>>> > Ok I've still got a problem I dont quite understand!
     >>> >
     >>> > So i did this:
     >>> >
     >>> > rpm -i --force ~alastair/python- 2.4.3-8.FC4.i386.rpm
     >>> >
     >>> > However, python still does this:
     >>> >
     >>> > [alastair d6173 sh]$ python Python 2.4.1 (#2, May  3 2005,
    17:14:18)
     >>> > [GCC 3.2.2 20030222 (Red Hat Linux 3.2.2-5)] on linux2
     >>> > Type "help", "copyright", "credits" or "license" for more
    information.
     >>> >>>>
     >>>
     >>> So which python is first in your PATH?
     >>>
     >>> $ which python
     >>>
     >>> > So the only thing that looks like it has been changed is the
    symlink
     >>> > /usr/bin/python2
     >>> >
     >>> > Is there another rpm command I should be using for this?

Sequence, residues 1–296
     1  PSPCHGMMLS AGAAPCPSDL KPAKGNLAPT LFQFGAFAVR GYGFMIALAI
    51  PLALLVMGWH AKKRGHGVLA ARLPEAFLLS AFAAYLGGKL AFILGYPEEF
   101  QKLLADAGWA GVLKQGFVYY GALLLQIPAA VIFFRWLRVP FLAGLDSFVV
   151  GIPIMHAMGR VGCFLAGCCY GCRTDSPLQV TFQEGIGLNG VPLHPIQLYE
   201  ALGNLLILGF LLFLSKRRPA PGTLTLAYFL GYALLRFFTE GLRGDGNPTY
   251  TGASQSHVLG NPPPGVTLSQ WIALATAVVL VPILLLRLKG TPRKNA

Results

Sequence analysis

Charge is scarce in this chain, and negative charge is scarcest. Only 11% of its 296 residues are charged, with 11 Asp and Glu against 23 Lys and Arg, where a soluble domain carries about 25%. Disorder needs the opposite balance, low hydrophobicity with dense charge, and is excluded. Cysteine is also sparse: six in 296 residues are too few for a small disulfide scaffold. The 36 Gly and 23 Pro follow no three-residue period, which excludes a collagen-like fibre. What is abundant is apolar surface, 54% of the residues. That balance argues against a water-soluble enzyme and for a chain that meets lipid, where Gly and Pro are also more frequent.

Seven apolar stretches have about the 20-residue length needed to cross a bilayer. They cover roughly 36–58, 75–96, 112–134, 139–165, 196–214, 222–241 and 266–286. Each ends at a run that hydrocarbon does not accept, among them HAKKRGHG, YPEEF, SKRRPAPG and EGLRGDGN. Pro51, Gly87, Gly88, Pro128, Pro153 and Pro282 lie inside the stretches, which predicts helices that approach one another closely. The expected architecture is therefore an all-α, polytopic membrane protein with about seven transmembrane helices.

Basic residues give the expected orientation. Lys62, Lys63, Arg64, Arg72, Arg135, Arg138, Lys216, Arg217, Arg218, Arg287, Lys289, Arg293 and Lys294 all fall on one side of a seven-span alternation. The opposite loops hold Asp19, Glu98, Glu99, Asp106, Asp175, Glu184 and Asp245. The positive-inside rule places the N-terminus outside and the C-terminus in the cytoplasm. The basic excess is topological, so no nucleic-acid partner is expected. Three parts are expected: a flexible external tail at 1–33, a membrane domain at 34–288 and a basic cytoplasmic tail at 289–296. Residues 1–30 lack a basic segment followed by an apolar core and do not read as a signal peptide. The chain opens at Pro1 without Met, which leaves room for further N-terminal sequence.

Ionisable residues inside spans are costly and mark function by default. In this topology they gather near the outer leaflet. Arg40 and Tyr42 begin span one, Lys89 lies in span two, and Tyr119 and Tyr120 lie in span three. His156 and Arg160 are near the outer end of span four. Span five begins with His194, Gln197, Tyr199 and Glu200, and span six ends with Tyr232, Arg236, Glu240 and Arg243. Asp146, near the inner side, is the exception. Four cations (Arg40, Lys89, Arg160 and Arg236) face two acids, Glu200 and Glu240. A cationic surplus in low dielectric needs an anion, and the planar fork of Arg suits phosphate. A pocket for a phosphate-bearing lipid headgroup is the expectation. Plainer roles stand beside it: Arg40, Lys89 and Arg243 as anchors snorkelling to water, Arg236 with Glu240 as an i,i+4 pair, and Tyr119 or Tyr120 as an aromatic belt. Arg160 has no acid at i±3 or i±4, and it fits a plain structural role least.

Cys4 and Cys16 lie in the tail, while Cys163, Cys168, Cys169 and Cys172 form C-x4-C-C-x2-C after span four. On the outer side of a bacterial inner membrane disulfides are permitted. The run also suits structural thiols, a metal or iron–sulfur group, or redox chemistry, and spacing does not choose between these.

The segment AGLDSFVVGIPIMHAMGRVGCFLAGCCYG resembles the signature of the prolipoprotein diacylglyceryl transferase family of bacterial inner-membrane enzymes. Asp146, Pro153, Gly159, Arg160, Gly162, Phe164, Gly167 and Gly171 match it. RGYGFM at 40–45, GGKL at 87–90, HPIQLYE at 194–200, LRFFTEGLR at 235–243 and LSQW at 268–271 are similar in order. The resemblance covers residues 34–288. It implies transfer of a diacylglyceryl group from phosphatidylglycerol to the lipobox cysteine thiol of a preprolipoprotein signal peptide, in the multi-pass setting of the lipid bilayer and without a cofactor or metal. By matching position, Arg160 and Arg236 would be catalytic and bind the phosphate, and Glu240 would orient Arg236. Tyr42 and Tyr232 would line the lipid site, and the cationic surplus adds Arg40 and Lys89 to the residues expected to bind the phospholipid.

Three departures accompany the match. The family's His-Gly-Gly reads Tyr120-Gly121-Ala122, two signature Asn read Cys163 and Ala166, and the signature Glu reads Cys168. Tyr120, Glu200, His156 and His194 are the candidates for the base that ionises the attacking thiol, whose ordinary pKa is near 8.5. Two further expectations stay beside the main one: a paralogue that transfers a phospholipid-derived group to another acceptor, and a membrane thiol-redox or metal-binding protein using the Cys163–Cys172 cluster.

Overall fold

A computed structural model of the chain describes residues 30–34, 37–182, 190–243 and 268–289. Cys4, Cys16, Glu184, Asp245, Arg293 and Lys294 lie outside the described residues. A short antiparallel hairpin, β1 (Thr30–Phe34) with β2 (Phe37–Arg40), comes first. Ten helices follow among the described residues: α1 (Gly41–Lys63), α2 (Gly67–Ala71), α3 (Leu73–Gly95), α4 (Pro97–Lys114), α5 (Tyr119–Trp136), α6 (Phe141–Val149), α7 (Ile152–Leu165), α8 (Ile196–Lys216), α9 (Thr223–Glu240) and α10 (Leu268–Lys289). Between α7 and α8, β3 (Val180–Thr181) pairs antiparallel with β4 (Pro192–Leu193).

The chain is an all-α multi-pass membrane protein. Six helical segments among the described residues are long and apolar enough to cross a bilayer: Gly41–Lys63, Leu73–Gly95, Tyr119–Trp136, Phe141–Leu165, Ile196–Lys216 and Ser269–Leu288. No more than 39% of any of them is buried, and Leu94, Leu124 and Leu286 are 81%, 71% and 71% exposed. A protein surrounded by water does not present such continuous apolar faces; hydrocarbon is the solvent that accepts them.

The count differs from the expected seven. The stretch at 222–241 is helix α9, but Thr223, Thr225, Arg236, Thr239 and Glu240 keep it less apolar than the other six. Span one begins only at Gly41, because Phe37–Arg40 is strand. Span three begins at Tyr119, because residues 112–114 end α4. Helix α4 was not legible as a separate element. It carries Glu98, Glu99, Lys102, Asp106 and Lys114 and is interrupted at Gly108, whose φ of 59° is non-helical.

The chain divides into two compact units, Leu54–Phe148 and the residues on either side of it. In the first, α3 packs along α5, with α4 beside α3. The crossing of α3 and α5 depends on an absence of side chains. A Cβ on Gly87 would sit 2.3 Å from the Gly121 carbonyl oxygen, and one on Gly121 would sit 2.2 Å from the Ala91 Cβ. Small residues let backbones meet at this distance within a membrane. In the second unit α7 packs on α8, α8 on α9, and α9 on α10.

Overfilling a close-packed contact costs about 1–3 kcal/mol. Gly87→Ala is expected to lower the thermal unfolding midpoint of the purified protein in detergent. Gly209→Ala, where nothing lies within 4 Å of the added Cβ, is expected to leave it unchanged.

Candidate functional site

>>>
     >>> Was the commercial app that you believe to be the culprit installed
     >>> using RPM?
     >>>
     >>> Paul.
     >>>
     >>> --
     >>> fedora-list mailing list
     >>> fedora-list redhat com <mailto:fedora-list redhat com>
     >>> To unsubscribe: https://www.redhat.com/mailman/listinfo/fedora-list
     >>
     >>
     >>
     >>
     >> Hi Paul,
     >>
     >> [alastair d6173 alastair]# which python
     >> /usr/bin/python
     >> [alastair d6173 alastair]#
     >>
     >> The App I believe to be the culprit was installed with a shell
    script.  I
     >> didnt look at it closely and now its disappeared!
     >
     >
     > Earlier in the thread it appeared that root was getting python
    2.4.3 and
     > your regular user account was getting python 2.4.1. So what's the
    output
     > of "which python" when run from your regular account?